Canadians are feeling the sun this summer as regions across the nation are starting to reach their most scorching temperatures of the year. In Toronto, hundreds of invitation-only delegates are feeling the heat as they participate in a two-day climate summit. This is conveniently occurring just as Clean Energy Canada has released their report titled “Tackling the Global Energy Revolution 2015.” Simultaneously, world leaders are able to internalize the results of this report, while forging a plan that ensures economic and environmental sustainability.

The report indicates that worldwide, investors moved $295 billion USD into renewable energy projects- an increase of 17 percent over 2013- growing the broader clean-energy market to $788 billion USD. Coupled with the same report’s finding that investors moved $50 billion USD in capital out of fossil fuel stocks, this hike in investment within the alternative energy industry can further suggest the emergence of renewables as the future of energy generation. This notion seems even further cemented when comparing the new money invested into the energy sector. In total, Clean Energy Canada’s report illustrates that investors poured twice as much money into new renewables-energy projects than into new fossil fuel projects, perhaps signalling a paradigm shift amongst the investment class of society.

What is as well encouraging about this apparent phasing away from fossil fuels, is the recent assessment from the International Energy Agency that indicated that global emissions of carbon dioxide from the energy sector stalled in 2014, even as the economy experienced a 3% growth. This growth is essential, as it was the first time in four decades that greenhouse-gas emissions failed to increase without help from an economic recession. Optimism has been widespread as a result of this data, spreading the movement throughout the political arena.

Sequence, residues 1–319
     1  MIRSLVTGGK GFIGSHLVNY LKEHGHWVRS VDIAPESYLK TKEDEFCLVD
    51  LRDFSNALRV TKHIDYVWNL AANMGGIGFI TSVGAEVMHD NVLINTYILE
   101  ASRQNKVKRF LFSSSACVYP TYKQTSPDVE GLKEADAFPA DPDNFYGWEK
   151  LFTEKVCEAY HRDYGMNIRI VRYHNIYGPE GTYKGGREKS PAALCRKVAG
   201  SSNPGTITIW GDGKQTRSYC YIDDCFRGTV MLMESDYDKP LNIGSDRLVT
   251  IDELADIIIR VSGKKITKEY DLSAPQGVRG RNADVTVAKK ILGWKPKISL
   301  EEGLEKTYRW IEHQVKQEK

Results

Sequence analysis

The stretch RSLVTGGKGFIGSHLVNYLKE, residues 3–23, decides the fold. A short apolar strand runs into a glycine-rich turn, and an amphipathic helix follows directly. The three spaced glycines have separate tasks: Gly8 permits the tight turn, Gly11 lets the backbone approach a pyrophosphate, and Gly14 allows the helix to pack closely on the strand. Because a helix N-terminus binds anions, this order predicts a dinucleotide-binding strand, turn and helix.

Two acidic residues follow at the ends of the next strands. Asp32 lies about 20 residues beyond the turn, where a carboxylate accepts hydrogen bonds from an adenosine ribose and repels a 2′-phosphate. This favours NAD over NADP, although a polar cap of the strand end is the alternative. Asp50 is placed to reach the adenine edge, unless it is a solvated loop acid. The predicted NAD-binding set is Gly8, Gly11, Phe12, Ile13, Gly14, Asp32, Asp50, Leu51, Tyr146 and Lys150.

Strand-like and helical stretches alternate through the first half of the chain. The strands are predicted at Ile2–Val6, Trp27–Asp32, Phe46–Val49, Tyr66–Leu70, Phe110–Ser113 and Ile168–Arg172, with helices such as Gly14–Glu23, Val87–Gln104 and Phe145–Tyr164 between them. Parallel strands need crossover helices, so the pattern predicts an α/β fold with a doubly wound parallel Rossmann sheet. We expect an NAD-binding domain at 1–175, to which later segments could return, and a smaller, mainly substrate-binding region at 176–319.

Linked to: Tackling the Global Energy Revolution 2015

There are so many forces guiding this movement that a perfect storm has emerged. Because the concern against climate change has now spread widely across almost all waves of society, we are now witnessing a substantial pressure on politicians to reduce their countries’ carbon emissions. While this is occurring, renewable energy technologies’ prices are dropping at increasingly high rates, making residential, commercial, and industrial applications much more affordable. This has enabled many countries to further their efforts against climate change without substantially harming their economies. Most notably, the world’s two largest climate polluters agreed to cooperate and work towards separate targets with the signing of the U.S.-China Joint Announcement on Climate Change.

While China set the agenda to peak greenhouse gas emissions around 2030 while working to increase the percentage of non-fossil fuels in its total energy mix to 20% by the same date, the United States has offered to set a stronger target to reduce emissions across all industries, hoping to reduce carbon emissions below 2005 levels. Quite potentially related to the political push towards renewable energy is the dramatic reduction in cost of renewable energy technologies. Worldwide, prices vary, but it is highlighted in the report that “the average cost of solar and both onshore and offshore wind will compete directly with fossil fuels in most markets by 2025.”

Naturally, there will be people who lead this movement, and those who lag behind. Just as some people tend to be conservative to progressive and lesser proven technologies, many nations as well will lag behind the forward-looking countries. It is already less expensive to have rooftop solar electricity than residential grid-based electricity in 30 countries across the globe (Clean Energy Canada, 7), and it is my hope that Canada furthers their push to further integrate renewables into our grid and come to the United Nations Climate Conference in Paris committed to a clear, and concise plan to reduce emissions while continuing to grow our economy.

Tagged on:                         

Leave a Reply